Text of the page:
During human evolution, group productivity and efficiency − that is the
capability to play plus-sum games − became an important competitive weapon and
thus the subject of selection. Group selection through cultural competition
brings moral capital to the fore. Furthermore, the added value per individual
grows with an increase in group size. But so does the opportunity and temptation
to cheat, which intensifies the quest for cooperative morals.
Vigorous cultures are based on cumulative plus-sum play, a kind of moral capitalism in which the profit stands in direct proportion to the spiritual investment in coalition-building. Particularly in its Protestant-Calvinist version, our Western culture is – or at least has been – molded by the idea of accumulation, based on the strength of the work ethic and individual responsibility.
When looking for universal causes for the miscarriage of ‘natural’ development the relative isolation stands out. Close contacts with other societies – near by or far away – increases the relevant population and expedites the plus-sum game. The exchange of goods, ideas, genes and beliefs enhances the richness of variety, intensifies competition and augments the cultural capital. Traditional policies and practices are opened up to falsification while economic and political entrepreneurship is invigorated.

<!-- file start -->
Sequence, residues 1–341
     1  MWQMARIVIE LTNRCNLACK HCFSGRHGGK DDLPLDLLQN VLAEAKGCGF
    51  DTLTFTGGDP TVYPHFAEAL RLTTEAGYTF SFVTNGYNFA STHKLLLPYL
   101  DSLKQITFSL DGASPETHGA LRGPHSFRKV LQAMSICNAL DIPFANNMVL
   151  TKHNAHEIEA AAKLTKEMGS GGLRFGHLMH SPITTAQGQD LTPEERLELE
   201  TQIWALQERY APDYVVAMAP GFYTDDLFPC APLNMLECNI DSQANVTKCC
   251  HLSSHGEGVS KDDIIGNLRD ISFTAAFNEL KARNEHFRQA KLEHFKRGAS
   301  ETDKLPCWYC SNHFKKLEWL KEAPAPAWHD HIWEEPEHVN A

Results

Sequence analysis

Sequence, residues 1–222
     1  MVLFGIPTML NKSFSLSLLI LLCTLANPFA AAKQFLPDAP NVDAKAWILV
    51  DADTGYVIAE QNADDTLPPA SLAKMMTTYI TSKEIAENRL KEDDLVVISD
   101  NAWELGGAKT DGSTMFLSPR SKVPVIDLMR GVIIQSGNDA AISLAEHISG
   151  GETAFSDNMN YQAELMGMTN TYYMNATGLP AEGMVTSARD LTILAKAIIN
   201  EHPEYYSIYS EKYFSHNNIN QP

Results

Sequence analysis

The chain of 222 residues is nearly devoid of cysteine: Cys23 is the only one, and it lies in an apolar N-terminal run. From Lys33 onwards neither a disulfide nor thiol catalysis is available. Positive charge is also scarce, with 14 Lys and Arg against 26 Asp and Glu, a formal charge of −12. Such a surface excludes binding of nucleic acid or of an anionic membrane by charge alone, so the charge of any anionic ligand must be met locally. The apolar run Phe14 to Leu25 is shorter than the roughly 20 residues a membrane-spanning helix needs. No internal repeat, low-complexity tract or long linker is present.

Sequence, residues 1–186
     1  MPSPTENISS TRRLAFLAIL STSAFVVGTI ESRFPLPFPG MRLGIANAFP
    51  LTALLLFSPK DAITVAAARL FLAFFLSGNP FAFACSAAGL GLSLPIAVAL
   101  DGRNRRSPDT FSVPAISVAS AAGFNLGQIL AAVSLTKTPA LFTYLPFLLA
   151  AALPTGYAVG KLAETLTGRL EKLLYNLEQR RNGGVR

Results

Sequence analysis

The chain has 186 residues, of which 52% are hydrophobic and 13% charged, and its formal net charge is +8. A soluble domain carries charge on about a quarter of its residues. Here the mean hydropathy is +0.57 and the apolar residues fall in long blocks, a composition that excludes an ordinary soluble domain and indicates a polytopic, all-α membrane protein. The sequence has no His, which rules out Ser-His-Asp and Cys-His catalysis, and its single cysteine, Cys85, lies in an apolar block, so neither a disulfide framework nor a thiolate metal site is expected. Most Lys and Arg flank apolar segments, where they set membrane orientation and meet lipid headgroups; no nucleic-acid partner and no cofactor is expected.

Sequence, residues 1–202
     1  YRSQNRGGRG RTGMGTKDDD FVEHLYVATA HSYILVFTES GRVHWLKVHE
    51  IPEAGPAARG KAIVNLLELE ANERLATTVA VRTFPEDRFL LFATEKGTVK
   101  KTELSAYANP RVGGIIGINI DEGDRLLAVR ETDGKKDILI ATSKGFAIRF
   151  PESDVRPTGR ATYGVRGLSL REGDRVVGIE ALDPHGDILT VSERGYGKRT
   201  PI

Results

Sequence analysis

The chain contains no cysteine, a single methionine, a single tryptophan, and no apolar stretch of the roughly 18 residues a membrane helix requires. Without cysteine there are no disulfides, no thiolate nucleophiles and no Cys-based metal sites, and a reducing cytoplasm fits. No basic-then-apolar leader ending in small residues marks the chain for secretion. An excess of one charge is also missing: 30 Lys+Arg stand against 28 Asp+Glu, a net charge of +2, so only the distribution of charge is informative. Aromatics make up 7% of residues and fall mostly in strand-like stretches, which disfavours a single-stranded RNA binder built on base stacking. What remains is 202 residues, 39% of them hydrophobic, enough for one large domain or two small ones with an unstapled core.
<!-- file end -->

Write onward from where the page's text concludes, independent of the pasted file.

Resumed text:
Society cannot and should not guarantee absolute justice for its citizens, no more than their happiness or success. But we can try to alleviate obvious injustices without creating undue restrictions on the opportunities for personal self-realization. As customary in a democracy it is a matter of a reasonable compromise, a social-psychological plus-sum game. Freedom in all its aspects is the precious joint heritage which should be optimized.
On the surface, practical politics is all about zero-sum play but at bottom
it is a very demanding plus-sum game. Honesty and openness are therefore highly
rated. Linguistic usage reflects our understanding of the political game and its
actors. Horse-trading is a zero-sum game where the parties usually extract a
gain at the expense of the taxpayer. Statesmen are perceptive plus-sum players,